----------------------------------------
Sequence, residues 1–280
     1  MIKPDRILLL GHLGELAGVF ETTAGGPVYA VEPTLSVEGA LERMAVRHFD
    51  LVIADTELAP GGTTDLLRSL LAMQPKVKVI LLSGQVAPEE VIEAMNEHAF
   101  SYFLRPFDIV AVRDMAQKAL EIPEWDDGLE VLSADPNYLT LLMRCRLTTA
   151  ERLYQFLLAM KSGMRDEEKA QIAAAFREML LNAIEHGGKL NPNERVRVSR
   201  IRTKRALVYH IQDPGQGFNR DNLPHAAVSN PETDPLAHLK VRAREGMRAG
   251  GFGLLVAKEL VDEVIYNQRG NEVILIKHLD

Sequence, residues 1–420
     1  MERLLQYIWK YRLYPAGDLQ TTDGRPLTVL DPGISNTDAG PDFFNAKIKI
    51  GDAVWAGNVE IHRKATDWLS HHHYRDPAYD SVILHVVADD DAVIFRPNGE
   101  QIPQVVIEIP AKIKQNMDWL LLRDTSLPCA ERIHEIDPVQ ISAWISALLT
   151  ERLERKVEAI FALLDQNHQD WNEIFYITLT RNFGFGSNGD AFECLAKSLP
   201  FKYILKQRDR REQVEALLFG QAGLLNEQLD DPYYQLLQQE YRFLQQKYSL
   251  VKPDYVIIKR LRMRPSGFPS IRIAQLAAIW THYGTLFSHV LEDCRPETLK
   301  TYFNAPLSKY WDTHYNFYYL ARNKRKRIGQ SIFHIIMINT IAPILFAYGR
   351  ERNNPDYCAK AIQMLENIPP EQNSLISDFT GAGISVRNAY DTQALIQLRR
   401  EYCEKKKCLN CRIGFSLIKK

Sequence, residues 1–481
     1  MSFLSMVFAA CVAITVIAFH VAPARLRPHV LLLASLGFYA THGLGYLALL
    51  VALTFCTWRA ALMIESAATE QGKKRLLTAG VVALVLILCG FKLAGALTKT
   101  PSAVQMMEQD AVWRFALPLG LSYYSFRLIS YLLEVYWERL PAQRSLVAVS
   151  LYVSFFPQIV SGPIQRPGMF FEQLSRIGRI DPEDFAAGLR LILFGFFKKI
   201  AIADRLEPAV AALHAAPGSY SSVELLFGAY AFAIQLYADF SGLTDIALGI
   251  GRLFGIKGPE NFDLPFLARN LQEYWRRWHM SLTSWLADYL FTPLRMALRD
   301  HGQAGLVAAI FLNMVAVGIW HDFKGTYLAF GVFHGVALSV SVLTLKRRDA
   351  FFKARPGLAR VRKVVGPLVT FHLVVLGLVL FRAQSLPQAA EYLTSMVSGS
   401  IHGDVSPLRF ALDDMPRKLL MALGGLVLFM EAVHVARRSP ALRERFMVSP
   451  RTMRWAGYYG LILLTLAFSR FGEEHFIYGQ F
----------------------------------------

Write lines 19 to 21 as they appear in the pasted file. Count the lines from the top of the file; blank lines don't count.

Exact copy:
     1  MSFLSMVFAA CVAITVIAFH VAPARLRPHV LLLASLGFYA THGLGYLALL
    51  VALTFCTWRA ALMIESAATE QGKKRLLTAG VVALVLILCG FKLAGALTKT
   101  PSAVQMMEQD AVWRFALPLG LSYYSFRLIS YLLEVYWERL PAQRSLVAVS